GENEVA - The International Labour Organization’s Domestic Workers Convention, 2011 (No. 189) comes into force on 5 September 2013, extending basic labour rights to domestic workers around the globe.
Currently there are at least 53 million domestic workers worldwide, not including child domestic workers, and this number is increasing steadily in developed and developing countries.
The number adds to an estimated 10.5 million children worldwide – most of them under age – working as domestic workers in people’s homes. 83 per cent of domestic workers are women.
The new Convention becomes binding international law as of 5 September. It needed ratification by two ILO member States. To date, eight ILO member States (Bolivia, Italy, Mauritius, Nicaragua, Paraguay, Philippines, South Africa and Uruguay) have ratified the Convention.
Since the Convention’s adoption, several countries have passed new laws or regulations improving domestic workers’ labour and social rights, including Venezuela, Bahrain, the Philippines, Thailand, Spain and Singapore. Legislative reforms have also begun in Finland, Namibia, Chile and the United States, among others. Several others have initiated the process of ratification of ILO Convention 189, including Costa Rica and Germany.
“All this shows that the momentum sparked by the ILO Convention on domestic workers is growing. The Convention and Recommendation have effectively started to play their role as catalysts for change. They now serve as a starting point for devising new polices in a growing number of countries - recognizing the dignity and value of domestic work,” said Manuela Tomei, Director of the ILO’s Working Conditions and Equality Department.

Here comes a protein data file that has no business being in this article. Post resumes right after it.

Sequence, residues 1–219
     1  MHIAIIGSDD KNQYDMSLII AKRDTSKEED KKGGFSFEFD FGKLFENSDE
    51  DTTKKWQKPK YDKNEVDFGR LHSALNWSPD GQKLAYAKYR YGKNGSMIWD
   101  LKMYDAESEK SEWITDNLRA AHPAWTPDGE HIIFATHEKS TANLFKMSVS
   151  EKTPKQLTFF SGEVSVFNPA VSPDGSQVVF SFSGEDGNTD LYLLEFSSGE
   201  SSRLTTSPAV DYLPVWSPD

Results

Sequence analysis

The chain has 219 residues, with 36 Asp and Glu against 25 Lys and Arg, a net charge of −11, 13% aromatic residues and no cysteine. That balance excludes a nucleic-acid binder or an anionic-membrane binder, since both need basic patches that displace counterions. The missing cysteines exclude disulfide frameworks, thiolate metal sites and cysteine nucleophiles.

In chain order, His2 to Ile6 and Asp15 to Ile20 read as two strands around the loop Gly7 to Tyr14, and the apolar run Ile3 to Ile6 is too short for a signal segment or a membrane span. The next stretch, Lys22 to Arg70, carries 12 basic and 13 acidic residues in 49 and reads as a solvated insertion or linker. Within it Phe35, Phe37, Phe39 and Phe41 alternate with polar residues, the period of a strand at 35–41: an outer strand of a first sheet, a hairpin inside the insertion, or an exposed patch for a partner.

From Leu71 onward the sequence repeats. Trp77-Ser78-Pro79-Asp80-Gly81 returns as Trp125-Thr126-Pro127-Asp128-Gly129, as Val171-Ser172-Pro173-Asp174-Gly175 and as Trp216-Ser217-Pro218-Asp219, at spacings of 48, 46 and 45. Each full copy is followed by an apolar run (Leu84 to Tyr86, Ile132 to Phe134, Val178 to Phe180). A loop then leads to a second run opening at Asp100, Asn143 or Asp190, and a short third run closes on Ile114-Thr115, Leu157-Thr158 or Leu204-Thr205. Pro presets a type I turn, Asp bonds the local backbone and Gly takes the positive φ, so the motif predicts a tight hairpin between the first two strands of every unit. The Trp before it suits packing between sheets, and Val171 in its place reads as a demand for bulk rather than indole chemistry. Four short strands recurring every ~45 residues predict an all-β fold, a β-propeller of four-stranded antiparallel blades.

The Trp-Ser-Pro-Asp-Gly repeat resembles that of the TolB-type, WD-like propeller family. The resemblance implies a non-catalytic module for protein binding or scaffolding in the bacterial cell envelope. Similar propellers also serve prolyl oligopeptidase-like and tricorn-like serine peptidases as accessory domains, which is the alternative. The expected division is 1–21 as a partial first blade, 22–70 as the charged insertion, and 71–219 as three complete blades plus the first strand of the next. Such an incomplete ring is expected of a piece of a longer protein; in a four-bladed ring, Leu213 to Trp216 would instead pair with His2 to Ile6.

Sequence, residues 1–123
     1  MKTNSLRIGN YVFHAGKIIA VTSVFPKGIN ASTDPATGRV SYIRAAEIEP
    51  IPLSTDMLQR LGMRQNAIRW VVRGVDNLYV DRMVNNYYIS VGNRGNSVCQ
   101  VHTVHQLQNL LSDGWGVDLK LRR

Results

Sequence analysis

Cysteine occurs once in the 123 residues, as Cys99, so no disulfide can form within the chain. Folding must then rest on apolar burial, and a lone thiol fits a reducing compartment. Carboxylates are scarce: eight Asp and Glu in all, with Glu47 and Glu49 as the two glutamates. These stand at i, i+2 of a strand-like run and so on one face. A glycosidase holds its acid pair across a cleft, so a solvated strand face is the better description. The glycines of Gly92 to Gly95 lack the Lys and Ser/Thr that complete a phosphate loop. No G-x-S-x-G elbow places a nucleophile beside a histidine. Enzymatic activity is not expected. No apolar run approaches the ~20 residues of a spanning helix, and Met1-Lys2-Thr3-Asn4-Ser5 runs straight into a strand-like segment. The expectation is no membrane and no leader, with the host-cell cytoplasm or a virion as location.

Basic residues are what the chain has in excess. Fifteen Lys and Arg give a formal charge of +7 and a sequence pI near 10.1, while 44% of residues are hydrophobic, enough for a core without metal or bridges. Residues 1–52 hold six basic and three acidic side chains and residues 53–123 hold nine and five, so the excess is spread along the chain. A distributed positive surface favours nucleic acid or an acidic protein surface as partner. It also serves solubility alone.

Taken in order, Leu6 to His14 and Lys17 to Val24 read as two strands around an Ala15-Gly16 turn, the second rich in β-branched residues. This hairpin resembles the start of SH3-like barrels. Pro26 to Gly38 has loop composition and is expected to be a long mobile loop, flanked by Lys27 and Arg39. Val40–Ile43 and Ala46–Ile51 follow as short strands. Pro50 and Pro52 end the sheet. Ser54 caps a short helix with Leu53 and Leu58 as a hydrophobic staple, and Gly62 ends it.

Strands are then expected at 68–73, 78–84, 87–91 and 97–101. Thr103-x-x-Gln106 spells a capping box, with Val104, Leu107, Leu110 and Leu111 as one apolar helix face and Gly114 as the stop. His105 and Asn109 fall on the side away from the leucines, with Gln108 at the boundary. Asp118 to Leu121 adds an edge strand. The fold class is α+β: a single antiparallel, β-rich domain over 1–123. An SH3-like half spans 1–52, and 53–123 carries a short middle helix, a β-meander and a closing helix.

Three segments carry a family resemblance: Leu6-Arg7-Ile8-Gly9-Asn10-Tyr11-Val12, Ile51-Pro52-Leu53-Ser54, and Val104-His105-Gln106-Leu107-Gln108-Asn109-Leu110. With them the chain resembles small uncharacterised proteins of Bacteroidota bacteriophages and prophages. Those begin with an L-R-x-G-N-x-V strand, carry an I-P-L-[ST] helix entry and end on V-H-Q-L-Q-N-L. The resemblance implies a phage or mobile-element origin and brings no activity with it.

According to an ILO study from January 2013, entitled Domestic Workers Across the World, domestic workers work for private households, often without clear terms of employment, unregistered and excluded from the scope of labour legislation. At the time of the research, only ten per cent were covered by general labour legislation to the same extent as other workers. More than one quarter are completely excluded from national labour legislation.
Deplorable working conditions, labour exploitation and human rights abuses are major problems facing domestic workers.
Lack of legal protection increases domestic workers’ vulnerability and makes it difficult for them to seek remedies. As a result, they are often paid less than workers in comparable occupations and work longer hours.
“Today’s entry into force of Convention 189 sends a powerful signal to more than 50 million domestic workers worldwide. I hope that it will also send a signal to ILO member States and that we soon see more and more countries committing to protect the rights of domestic workers,” concluded Tomei.